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The Brex Factor: Peter Bone headed for title of the Brexit Grinch

Bungling Brexit bombshell Boris Johnson - Credit: PA Wire/PA Images

Steve Anglesey counts down the worst Brexiteers of the week.


Though it was unveiled less than three months ago, the ‘Kippers are reportedly preparing to dump their lion logo after conceding that they cannot afford a copyright court fight with football’s Premier League, whose own emblem it closely resembles. UKIP insiders tip a return for the old pound sign logo – a typically bizarre choice given that we’re unlikely to be joining the Euro any time soon.

No news yet about how the lion will meet its end, but since Nigel Farage seems so keen on transatlantic links (of which more later), how about American dentist and Cecil the Lion assassin Walter Palmer dispatching it with a single symbolic shot at the next UKIP conference?


The Brexit secretary told LBC’s Nick Ferrari: ‘What’s the requirement of my job? I don’t have to be very clever. I don’t have to know that much.’

In which case, he’s definitely the right man to do it!


‘Theresa May will walk away from talks rather than pay EU divorce bill,’ tweeted the Sky News pundit and Mail columnist back in July. By October, he’d changed tack slightly, writing: ‘One of EU’s five unelected presidents says £20billion divorce bill offer from Britain is ‘peanuts’. He’s nuts if he thinks we’re paying more.’

So how did ‘Toryboy’ greet news of the phase one Brexit agreement, which promised the EU £39bn more than he had predicted in July and almost double what he’d said we’d fork out in October?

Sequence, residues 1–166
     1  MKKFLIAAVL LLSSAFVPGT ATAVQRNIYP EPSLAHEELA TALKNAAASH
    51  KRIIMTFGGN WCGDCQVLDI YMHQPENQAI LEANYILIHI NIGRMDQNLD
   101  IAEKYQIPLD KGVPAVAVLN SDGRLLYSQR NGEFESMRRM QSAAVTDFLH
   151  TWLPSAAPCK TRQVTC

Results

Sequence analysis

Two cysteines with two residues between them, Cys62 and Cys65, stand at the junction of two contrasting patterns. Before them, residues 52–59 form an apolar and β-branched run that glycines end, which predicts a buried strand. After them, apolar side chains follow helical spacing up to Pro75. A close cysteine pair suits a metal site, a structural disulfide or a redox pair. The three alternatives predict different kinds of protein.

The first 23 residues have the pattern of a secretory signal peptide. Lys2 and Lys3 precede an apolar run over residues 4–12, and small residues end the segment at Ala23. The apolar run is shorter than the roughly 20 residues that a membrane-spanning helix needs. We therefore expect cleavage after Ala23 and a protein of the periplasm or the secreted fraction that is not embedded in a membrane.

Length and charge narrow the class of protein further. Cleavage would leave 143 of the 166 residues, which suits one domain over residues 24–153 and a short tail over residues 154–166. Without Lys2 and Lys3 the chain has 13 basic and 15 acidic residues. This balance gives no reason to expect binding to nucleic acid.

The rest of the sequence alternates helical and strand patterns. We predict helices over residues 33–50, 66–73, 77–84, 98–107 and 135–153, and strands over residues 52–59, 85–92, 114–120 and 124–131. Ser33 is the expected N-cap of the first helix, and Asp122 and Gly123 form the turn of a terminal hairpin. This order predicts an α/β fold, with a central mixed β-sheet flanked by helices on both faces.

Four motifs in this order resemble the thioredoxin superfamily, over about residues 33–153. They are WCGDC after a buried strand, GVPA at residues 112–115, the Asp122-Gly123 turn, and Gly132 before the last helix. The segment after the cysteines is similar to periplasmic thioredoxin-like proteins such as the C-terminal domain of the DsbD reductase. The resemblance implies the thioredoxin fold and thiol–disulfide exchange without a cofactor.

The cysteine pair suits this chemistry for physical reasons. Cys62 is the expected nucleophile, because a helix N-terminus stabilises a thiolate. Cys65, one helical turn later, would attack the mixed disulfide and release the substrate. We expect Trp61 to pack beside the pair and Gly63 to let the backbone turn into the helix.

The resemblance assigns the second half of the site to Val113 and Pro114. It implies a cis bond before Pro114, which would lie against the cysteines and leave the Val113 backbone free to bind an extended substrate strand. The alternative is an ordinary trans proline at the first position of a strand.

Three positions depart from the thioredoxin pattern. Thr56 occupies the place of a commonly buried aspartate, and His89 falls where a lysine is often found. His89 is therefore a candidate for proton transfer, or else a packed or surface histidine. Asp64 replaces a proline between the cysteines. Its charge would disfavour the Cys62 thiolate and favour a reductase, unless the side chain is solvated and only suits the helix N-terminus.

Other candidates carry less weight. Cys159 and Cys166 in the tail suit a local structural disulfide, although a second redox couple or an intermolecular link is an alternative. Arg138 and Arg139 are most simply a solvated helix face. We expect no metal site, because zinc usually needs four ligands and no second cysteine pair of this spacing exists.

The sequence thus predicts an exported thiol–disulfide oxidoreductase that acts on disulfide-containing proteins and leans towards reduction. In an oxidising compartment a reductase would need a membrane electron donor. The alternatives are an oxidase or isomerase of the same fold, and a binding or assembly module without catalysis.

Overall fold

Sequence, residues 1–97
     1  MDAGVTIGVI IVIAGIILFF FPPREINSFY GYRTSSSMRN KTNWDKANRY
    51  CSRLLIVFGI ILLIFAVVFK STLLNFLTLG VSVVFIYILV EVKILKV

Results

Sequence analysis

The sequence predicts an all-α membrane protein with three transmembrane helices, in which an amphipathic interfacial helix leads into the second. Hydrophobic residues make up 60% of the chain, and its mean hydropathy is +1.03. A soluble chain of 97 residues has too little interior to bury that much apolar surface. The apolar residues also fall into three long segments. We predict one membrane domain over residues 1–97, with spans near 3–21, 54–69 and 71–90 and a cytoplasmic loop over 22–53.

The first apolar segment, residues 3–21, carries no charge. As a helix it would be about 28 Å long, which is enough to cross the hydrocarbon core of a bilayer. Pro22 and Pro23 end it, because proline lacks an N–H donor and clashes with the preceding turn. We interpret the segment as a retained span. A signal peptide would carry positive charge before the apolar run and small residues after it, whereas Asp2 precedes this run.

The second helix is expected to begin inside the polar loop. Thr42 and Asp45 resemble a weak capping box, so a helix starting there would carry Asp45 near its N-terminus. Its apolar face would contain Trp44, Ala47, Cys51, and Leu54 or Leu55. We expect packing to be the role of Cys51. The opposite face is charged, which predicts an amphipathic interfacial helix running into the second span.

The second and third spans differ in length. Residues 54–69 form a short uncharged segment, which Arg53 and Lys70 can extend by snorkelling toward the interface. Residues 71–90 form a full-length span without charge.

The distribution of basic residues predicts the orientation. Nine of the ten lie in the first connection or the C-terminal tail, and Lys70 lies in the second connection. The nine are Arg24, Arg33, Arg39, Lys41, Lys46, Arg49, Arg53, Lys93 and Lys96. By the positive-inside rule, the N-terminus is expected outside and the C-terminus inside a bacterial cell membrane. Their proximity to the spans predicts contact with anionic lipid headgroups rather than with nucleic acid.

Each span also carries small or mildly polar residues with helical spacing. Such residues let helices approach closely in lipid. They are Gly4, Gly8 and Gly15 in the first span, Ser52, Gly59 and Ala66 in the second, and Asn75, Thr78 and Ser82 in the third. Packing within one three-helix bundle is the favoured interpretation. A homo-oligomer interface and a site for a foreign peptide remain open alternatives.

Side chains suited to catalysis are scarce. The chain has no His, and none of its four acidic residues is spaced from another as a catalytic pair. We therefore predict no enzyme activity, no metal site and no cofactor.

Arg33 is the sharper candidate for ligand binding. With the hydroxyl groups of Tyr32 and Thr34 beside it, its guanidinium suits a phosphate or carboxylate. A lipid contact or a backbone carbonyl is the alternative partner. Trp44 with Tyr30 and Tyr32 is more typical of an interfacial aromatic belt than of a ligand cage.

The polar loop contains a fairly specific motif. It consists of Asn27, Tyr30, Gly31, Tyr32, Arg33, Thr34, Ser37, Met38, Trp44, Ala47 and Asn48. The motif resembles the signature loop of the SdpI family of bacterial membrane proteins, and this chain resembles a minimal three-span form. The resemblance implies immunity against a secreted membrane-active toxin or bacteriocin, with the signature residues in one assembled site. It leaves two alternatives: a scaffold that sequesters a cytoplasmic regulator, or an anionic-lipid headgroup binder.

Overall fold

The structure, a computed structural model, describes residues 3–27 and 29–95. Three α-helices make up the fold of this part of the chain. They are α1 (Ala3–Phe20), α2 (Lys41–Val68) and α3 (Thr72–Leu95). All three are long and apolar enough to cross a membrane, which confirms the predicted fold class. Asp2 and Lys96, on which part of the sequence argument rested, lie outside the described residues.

The Pierce verdict was: ‘Way below the apocalyptic predictions… a price worth paying’!


What is it with Leavers who love everything about Brexit but just need one teensy exception made only for them? Buchan, a Scottish trawlerman turned business manager for the Scottish Seafood Association, told the New Statesman that he wanted out after coming ‘under pressure from the EU to live within the rules and regulations’.

However, Buchan added that he liked the part of the EU rules and regulations which had allowed cheap migrant workers to comprise 70% of those currently working in fish processing plants in the north east of Scotland.

Sounds like Jimmy would like to have his crab cake and eat it!


Brexiteers were furious when the Royal Mail announced that it had no plans in place to mark Brexit day – March 29, 2019 – with a special stamp. Sacked DExEU minister David Jones said the postal service has ‘an absolute obligation to recognise a new chapter in the history of this country’.

Of course, pro-Brexit MPs could have brought greater political pressure to bear on the Royal Mail had it not been sold off to assorted hedge funds. But it was, in 2011, thanks partly to David Jones, who voted for privatisation every step of the way.


This hitherto unknown political analyst called Radio Five Live’s Rachel Burden to slate the phase one Brexit agreement, saving much of her scorn for Leo Varadkar’s part in negotiations. ‘The Teesop, or whatever they call him, has brought this up as a red herring thrown across the path,’ she declared.

Anne went on to explain that, contrary to popular belief, Northern Ireland and the Republic currently ‘do have a physical border’. Burden asked whether she’d ever crossed it. ‘No’. Had she ever been to Ireland in the first place? ‘No.’